Director: Jonathan Demme
Cast: Meryl Streep, Kevin Kline, Rick Springfield
Rating: Two-and-a-half stars
It would seem that there is a new genre of films coming up in Hollywood. Or perhaps the genre has already been established and it is only now that one is noticing it. The genre, is that of the aging rocker-returning to roots-sorting out long drawn out family issues-attaining nirvana as an individual (or at the very least, redemption).
Just a few months ago, it was the Al Pacnino starrer Danny Collins that was exploring this turf. Now, it is the new Meryl Streep film Ricki and the Flash that goes over this very same ground.
Streep plays Ricki, a wannabe rockstar who leaves her family (husband, two sons and a daughter) in Indianapolis to pursue her musical dreams in LA. Fame comes briefly — she releases a record, presumably not many people buy it and so ends her career.
Years later, she’s working as a cashier at a supermarket by day; by night, she takes to the stage with her band (The Flash) and rocks her heart out at a local dive. She has some loyal fans, bankruptcy papers to file, and plenty of attention from her lead guitarist Greg (Rick Springfield) that she isn’t quite sure how to deal with.
Then there’s a phone call from Indianapolis. It’s her former husband Pete (Kevin Cline), calling to tell Ricki that their daughter is severely depressed after the breakup of her marriage. Pete’s second wife (and the kids’ hands-on step mom) Maureen is away attending to an ailing father, can Ricki come down and get their daughter out of her funk? Ricki reluctantly agrees.
And so there are family reunions that are less than happy (in fact, the majority of them are downright acrimonious), home truths to be faced, old hurts and grievances and guilts to contend with — and even the revival of shared love and care.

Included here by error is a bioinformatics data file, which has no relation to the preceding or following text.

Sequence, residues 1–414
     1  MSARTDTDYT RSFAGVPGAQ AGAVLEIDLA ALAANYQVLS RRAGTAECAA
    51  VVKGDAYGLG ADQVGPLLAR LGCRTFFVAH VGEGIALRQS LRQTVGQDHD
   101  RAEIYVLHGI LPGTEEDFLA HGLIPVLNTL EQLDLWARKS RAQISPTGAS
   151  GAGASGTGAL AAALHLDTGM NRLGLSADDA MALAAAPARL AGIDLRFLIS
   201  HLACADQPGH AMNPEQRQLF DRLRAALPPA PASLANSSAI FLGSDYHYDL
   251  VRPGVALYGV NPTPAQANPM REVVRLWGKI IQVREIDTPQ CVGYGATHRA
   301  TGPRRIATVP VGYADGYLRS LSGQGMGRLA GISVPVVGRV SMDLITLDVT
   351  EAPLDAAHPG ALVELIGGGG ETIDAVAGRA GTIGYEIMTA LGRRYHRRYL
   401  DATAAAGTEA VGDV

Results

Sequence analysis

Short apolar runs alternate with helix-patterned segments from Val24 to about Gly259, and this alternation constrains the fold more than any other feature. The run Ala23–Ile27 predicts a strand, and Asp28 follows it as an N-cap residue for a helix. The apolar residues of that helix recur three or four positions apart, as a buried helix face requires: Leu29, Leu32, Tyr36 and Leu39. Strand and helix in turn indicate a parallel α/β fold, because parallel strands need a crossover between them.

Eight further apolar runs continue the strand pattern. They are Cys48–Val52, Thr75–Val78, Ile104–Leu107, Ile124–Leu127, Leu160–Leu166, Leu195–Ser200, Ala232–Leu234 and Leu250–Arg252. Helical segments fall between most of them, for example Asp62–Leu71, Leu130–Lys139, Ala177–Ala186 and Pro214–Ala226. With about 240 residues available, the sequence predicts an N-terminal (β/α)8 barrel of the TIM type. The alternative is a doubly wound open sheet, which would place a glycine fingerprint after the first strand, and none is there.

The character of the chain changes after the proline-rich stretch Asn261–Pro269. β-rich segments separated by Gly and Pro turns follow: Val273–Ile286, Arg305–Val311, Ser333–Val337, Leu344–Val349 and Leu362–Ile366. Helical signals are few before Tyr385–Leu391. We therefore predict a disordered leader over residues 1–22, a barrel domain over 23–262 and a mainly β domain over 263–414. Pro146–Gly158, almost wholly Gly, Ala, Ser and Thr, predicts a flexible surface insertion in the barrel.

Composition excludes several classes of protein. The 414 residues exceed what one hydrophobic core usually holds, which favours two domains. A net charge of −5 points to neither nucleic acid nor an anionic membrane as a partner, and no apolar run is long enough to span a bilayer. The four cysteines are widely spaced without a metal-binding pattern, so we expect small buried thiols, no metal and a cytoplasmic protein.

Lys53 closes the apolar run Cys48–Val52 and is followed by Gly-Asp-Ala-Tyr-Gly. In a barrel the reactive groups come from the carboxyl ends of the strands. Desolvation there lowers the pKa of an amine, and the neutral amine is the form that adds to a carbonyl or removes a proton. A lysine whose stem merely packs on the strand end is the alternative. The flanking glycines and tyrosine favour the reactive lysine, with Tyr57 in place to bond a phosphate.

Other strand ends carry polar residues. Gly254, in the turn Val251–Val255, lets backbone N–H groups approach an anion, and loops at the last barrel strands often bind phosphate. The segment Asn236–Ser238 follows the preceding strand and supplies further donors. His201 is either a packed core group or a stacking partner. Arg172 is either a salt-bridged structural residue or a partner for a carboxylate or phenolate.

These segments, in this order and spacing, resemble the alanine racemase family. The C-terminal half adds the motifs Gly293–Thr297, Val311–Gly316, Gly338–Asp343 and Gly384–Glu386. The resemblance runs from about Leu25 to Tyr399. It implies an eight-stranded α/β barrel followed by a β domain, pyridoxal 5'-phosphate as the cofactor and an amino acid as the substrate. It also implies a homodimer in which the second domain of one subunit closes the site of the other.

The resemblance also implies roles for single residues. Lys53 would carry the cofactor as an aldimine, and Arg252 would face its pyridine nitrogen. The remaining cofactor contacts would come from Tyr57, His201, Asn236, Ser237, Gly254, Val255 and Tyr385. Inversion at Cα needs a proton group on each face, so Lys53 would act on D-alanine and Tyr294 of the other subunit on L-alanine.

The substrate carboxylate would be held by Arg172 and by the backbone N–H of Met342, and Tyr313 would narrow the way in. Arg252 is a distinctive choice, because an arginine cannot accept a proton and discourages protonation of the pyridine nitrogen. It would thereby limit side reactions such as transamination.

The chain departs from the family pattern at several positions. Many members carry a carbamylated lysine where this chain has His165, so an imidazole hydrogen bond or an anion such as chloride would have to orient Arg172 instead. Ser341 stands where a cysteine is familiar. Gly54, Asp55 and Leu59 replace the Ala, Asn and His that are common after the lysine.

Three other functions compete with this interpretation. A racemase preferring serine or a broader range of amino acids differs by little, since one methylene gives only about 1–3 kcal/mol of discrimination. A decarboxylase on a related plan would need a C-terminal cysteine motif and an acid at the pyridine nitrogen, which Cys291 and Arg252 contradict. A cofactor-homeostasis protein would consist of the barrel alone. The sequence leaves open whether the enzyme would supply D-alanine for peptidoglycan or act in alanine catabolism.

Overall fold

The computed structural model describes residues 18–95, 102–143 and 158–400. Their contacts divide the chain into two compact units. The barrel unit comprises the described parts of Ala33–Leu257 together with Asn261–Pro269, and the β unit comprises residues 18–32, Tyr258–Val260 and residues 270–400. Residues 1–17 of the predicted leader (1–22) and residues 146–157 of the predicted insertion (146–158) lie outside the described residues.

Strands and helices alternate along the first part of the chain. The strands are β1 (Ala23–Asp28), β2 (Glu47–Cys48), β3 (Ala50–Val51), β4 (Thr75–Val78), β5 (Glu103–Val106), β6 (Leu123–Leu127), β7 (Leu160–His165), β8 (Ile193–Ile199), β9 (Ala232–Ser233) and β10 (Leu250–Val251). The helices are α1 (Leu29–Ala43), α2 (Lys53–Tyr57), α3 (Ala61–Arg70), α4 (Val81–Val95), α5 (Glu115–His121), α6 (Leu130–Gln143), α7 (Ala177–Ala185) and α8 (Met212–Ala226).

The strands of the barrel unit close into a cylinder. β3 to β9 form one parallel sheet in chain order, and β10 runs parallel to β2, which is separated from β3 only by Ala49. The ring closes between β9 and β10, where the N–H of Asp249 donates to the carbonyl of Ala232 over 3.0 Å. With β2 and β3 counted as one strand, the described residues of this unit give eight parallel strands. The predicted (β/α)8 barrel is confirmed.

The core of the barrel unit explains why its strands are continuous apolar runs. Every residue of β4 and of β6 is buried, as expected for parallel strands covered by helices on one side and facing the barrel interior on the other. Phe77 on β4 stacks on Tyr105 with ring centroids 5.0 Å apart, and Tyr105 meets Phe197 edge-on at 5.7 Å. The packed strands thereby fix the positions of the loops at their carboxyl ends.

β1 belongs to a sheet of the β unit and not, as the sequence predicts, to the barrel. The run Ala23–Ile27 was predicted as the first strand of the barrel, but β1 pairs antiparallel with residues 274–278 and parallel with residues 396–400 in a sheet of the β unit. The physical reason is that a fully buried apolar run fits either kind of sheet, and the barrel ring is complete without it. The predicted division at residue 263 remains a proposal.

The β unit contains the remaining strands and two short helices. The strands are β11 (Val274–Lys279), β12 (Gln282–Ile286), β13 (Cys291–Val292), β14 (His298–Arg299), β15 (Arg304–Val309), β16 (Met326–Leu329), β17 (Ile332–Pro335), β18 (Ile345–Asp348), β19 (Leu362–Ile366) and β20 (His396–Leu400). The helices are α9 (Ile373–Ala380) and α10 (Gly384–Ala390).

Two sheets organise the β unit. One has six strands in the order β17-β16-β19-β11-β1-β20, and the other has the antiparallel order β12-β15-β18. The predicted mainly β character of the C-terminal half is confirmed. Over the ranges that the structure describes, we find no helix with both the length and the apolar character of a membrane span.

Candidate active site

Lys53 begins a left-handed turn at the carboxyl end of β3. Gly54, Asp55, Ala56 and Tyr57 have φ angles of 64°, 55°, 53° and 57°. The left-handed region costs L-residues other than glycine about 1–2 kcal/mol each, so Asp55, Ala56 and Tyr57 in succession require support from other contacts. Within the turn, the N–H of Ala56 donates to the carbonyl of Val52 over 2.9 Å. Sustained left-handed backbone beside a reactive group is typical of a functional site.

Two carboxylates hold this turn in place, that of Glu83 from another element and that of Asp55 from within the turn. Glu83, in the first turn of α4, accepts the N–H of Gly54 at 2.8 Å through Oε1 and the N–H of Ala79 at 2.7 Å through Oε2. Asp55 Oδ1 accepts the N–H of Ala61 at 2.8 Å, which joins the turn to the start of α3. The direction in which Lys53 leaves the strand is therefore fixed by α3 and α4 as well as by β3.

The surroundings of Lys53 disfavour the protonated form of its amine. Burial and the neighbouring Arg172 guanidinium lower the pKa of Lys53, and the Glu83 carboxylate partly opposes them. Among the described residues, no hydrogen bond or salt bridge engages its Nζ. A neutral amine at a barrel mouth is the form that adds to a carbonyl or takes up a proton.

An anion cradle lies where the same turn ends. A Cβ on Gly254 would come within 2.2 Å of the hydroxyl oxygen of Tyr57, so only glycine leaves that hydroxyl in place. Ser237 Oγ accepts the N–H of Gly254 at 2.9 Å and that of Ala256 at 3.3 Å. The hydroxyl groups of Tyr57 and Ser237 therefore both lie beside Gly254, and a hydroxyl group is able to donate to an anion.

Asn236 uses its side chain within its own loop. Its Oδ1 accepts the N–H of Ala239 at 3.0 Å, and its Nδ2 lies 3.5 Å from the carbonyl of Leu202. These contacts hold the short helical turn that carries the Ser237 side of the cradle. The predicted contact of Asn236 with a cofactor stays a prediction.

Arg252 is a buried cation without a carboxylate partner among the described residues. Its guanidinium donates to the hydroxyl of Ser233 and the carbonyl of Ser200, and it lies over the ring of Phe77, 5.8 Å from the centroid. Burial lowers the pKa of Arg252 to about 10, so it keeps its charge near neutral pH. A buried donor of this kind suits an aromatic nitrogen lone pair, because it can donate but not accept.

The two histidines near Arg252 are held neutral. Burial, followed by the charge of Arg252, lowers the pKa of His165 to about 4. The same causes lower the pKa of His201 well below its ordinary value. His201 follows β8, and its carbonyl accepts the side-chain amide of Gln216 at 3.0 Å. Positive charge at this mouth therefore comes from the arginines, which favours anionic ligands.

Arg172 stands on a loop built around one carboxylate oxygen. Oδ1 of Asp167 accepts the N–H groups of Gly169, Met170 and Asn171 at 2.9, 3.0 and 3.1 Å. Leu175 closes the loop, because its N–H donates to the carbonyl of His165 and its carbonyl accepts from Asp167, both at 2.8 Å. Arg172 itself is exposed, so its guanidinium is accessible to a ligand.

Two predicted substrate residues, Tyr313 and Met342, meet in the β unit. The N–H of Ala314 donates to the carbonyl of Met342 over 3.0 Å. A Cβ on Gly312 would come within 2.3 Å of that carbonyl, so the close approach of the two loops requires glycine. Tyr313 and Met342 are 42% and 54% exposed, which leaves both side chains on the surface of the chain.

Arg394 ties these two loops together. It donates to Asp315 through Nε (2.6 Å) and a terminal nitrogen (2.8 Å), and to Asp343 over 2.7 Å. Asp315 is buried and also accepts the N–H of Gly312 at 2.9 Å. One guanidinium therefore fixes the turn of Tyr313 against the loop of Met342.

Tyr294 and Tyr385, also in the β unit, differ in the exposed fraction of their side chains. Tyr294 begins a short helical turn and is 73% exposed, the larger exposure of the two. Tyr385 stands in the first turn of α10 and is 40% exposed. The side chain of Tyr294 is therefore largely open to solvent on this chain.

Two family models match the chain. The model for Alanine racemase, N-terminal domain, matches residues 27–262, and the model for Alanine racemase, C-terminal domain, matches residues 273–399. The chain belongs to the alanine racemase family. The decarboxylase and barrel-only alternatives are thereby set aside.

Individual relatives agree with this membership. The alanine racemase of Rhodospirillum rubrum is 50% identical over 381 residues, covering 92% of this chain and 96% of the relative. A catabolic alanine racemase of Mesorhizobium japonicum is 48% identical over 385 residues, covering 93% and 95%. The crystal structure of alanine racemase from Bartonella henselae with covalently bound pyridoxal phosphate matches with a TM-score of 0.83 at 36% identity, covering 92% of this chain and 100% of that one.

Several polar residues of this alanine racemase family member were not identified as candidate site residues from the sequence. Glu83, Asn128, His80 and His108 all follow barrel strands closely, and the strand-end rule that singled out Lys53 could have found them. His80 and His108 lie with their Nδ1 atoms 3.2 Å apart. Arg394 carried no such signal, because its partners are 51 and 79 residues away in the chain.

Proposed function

Of course, even as happiness is found, it must be lost (or in this case, given up). When Maureen returns home, Ricky realises how superfluous she herself is, and there is a confrontation. It’s a mark of how sympathetic a character Streep makes Ricki that you root for her, when she is in a sense, the actual “interloper” in the situation. You feel her angst at being shut out of her family’s lives.
The film makes a striking point in one scene where a guilt-stricken Ricki has a meltdown on stage while performing a Rolling Stones number. Mick Jagger, she points out, has had seven children by five different women. None of whom he had a major hand in raising, as he was off being a rockstar. But there are no recriminations for him, or indeed for men who neglect their filial responsibilities in pursuit of their careers/ambitions. For women, however, it's a whole other story.
It’s an interesting — and important — point that Streep’s character makes. She follows it up with another exchange with Greg, in which he is attempting to make her see that we don’t have to be the sum total of our mistakes. We can move beyond them. “Why do you love me?” Streep’s Ricki asks Greg, pouring out her insecurities. “I’m old and broke and becoming fat!” Greg gives a helpless shrug, he just loves Ricki, no reasons needed.
It’s a sentiment the audience might echo while watching this film. The narrative may be patchy, but you can’t help sympathise with Ricki, root for her to be happy.
Ricki and the Flash is let down by a schmaltzy, too-pat climax. Most of the final sequence feels almost forced — like the director and the writer had to check certain boxes: 1. Emotional redemption for Ricki and her children, check. 2. Pair everybody off happily with partner, check. 3. Ensure Ricki ‘saves’ the day and gets to be the heroine, check.
Still, this is a chance to see some fine actors — Streep of course, but also Kevin Kline —put in some fine performances. They make Ricki and the Flash something more than a flash in the pan.